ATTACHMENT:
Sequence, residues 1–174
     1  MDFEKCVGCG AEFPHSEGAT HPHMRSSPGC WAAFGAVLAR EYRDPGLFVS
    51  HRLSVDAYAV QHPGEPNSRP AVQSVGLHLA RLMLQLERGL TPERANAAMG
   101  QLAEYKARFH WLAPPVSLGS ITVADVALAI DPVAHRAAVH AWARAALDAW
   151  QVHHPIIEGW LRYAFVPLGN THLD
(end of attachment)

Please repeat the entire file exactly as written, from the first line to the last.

Sequence, residues 1–174
     1  MDFEKCVGCG AEFPHSEGAT HPHMRSSPGC WAAFGAVLAR EYRDPGLFVS
    51  HRLSVDAYAV QHPGEPNSRP AVQSVGLHLA RLMLQLERGL TPERANAAMG
   101  QLAEYKARFH WLAPPVSLGS ITVADVALAI DPVAHRAAVH AWARAALDAW
   151  QVHHPIIEGW LRYAFVPLGN THLD